- I tried, Sir, but as you mentioned yourself, she has good ties with the Governor, and the file was closed because, since my time in Hell had finished, my proofs were also deemed as untimely. Then there were these pelting attacks on the D.A.Department building by revolted citizens and it was closed for window repairs and remained so until today, for the D.A. can’t just decide between green or blue shades, he is afflicted with protanopia, I should add.

- And did you offer her money? There is nothing my aunt Eunice would not do for money!

- Yes, I did give her all I had managed to spare from my low tips and wages. But the next day she appeared with a nose job and said she was up to her nose with my complaints. Now, Sir, all Imy earnings run out and I am unemployed, living here in the bushes the imps avoid because they dislike greenery in general, and feeding at MMc-Hellgrub’s with coupons I collect from The Subway News issues I pick on the streets. That is probably the reason why my dress looks so grimy: it is the mustard and the ketchup from the combos. 

- Honey mustard? asked the boy - cause you smell distinctively of honey - he added, kind stutteringly.

Oh my, the boy was in love! And that lady had really suffered enough wrong. I had to think of some solution and move my crampy ass to get that story straight!

- I tried to make some pocket money by singing on the mall entrance. You know, my voice, it is an undeserved gift, now I know, and when I start singing I feel so transported by its beauty that I can’t help delivering a particularly lively performance. The devilkins would just keep on laughing at me, and all people would toss were eggs and tomatoes, not a single coin. I should again apologize for the grimy state of my dress. I have given up singing since then but, after wandering around in despair and approaching the shore, i could not refrain from singing to that sad melody you played with your flute, which seemed to express all my distress and pain - then she restarted crying.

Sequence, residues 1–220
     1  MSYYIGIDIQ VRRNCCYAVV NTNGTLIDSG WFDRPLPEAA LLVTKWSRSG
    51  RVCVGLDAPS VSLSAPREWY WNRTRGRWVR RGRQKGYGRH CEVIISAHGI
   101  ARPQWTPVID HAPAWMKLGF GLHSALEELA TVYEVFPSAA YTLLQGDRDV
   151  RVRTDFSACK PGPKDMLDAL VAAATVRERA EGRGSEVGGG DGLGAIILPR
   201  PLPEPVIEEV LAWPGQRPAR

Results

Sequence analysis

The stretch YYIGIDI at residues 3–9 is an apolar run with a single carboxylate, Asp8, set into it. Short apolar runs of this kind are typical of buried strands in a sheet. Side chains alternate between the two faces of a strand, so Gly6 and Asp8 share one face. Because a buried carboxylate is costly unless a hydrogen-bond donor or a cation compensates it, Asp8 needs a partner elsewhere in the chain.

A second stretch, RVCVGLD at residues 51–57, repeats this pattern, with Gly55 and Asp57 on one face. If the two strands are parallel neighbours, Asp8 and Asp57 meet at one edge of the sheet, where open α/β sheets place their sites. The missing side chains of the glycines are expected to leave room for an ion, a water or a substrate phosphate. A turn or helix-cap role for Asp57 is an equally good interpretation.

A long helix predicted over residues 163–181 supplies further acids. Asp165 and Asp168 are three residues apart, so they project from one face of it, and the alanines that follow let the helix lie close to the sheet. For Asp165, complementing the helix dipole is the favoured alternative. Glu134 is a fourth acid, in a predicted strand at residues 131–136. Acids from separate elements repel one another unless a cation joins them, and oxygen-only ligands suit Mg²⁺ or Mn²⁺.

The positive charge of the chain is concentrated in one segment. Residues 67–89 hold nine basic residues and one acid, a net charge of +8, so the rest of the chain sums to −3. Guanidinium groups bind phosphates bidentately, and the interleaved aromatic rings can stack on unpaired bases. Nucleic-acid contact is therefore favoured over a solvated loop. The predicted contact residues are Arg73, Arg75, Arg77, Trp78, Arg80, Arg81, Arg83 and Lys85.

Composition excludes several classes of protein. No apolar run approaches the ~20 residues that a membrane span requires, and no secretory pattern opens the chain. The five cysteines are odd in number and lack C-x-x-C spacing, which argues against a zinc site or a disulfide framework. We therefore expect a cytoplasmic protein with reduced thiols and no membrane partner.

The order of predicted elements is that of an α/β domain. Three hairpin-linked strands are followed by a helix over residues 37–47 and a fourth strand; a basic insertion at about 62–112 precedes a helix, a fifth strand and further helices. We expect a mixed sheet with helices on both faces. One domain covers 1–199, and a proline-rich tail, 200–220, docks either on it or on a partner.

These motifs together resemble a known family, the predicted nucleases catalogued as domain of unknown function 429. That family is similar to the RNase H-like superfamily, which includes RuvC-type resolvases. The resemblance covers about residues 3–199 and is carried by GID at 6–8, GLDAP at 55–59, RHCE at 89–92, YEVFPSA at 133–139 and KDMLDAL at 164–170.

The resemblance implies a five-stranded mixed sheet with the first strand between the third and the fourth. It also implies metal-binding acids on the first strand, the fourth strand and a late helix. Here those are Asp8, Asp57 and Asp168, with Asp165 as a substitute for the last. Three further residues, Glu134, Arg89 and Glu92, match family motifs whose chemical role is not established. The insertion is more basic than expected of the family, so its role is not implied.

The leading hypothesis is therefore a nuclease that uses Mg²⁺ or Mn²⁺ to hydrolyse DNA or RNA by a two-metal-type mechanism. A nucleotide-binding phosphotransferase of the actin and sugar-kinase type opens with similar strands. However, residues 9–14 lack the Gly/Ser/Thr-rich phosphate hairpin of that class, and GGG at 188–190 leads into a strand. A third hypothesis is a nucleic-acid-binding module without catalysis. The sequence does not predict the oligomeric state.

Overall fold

- That is outrageous!!! - the young man exploded in fury. If I were to toss anything on you, it would be... it would be - he had difficulty striking the right note- roses, no, roses got thorns, it would be violets instead, to go with your eyes...

The girl looked down a little abashed, thanking for the compliment with a blushed face. I could hear little bells resounding, I who am as deaf as a post and have the intelligence of a mule of plush.

He experienced a deep empathy for her. So much perfection was certainly a dangerous thing, difficult to master and, once achieved, rather envied than admired. And just like her in Hell, he had been feeling particularly unhappy since he had lost his life.